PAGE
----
NEW ORLEANS – Daniel Becnel is a longtime attorney working out of his offices in sleepy St. John the Baptist Parish, a rural suburb of New Orleans, where he has over the past 45 years built a thriving plaintiffs’ firm that has increasingly been involved in class action lawsuits, most notably the Deepwater Horizon oil spill class action which he now considers to be deeply flawed.
The self-proclaimed “King of Torts" has been a representative in several notable class actions including the Tobacco Master Settlement in 1998 that saw tobacco companies pay $365 million to a class of smokers. He also has been involved in the ongoing Chinese drywall class action, in which New Orleans Saints head coach Sean Payton is one of his clients. Becnel also leads cases against Toyota over the alleged sudden acceleration of certain vehicles.
However, none of those issues have come close to that of the massive Deepwater Horizon litigation, the largest class action lawsuit in history with tens of billions of dollars in damages that is supposed to make whole hundreds of thousands of plaintiffs.
Becnel was the attorney who initially filed suit in federal court only eight days after the oil rig exploded in the Gulf of Mexico, killing 11 crew members and setting off the largest accidental oil spill in history that went on for 87 days, and which significantly impacted those who make their living off the coast of Louisiana and other nearby states.
Just over a month after the oil spill was contained, BP began making payments through the Gulf Coast Claims Facility (GCCF) – an organization set up by BP and the U.S. government with $20 billion set aside to pay damages.
Fast forward four and a half years later, and Becnel bristles at the mention of the Deepwater Horizon litigation. After his initial filing, a group of 19 attorneys from across the country (now 18 after one of the attorneys dropped out over claims he filed up to 40,000 fraudulent claims that has resulted in a federal criminal investigation), a group that did not include Becnel, were named to a Plaintiffs’ Steering Committee (PSC). The PSC eventually engineered a settlement that the oil giant accepted in August 2012, which included a $660 million payday for the lawyers as well as a percentage of each claim paid out.
Becnel is unyielding in his criticism of the PSC. To Becnel the goal of the PSC has been obvious in the way he says they have handled the case from the beginning. He says their actions have imperiled the entire settlement and all claimants.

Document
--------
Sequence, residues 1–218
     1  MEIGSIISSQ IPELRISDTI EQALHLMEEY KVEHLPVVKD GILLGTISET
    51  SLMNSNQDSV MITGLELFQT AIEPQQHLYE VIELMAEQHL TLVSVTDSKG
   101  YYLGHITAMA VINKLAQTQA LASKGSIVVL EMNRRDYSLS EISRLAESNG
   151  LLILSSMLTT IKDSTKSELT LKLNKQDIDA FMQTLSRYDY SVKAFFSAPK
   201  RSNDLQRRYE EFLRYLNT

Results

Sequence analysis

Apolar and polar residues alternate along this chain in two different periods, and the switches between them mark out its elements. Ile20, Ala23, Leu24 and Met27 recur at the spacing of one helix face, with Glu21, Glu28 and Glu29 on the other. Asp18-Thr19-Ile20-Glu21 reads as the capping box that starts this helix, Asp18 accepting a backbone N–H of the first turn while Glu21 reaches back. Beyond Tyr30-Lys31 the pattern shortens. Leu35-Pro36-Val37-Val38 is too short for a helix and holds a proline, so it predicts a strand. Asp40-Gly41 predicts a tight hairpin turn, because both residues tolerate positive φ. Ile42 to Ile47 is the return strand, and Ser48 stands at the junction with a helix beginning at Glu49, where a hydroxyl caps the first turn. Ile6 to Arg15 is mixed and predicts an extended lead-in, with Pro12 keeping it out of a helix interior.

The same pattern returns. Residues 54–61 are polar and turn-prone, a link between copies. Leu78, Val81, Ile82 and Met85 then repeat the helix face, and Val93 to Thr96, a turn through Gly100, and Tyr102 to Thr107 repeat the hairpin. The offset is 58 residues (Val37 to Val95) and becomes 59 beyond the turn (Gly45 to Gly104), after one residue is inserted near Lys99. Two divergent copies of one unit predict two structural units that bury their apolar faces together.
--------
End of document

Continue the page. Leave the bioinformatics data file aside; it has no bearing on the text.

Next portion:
“In the BP case they were out to make money. And not a little bit of money, a lot of money. And I think what should happen, when you appoint a PSC you should not be allowed to solicit additional cases. You are fiduciary to all of the other class members, you are fiduciary to all of the other class counsel who handle the cases and you should not be able to do that,“ he said in an interview with the Louisiana Record last year.
While the Court Supervised Settlement Program apparently worked as planned for the first few months, soon fissures began to form between BP and the PSC. Most notably was what BP challenged as a miscalculation of payments by court-appointed Claims Administrator Patrick Juneau. According to the oil giant, Juneau has paid millions of dollars in claims to businesses that could not show any direct connection between their loss of revenue and the oil spill.
Becnel contends the PSC knowingly wrote loopholes into the settlement agreement and conspired to expand claims to those who did not deserve them.
After twice being turned down by U.S. District Judge Carl Barbier in reviewing the payment method, the U.S. Fifth Circuit Court of Appeals agreed with BP that the claims payment calculation was faulty and ordered Juneau to amend how claimants are paid resulting in Policy 495, which greatly decreases payments for some claimants by creating new requirements for businesses seeking damages from the oil spill. However, the appeals court has refused to overturn the settlement, a ruling that was later denied at the U.S. Supreme Court.
One of the major problems as Becnel sees it is the introduction of Policy 495 over two years after the settlement agreement was made and after billions of dollars in claims paid out changes the entire process.
According to Becnel, if there was ever a class action settlement that begged for reconsideration to be overturned it was the Deepwater Horizon case. However, now that the U.S. Supreme Court has chosen not to rule on the settlement, Becnel and other attorneys like him -outside of the PSC and who number in the hundreds - have to live with the actions taken by the PSC as the claims program continues to roll out despite what many are calling tragic flaws.
(Editor’s note: This is the first of an installment or articles and accompanying video with attorney Daniel Becnel, who filed the original multi-district litigation against BP over the 2010 Deepwater Horizon oil spill.)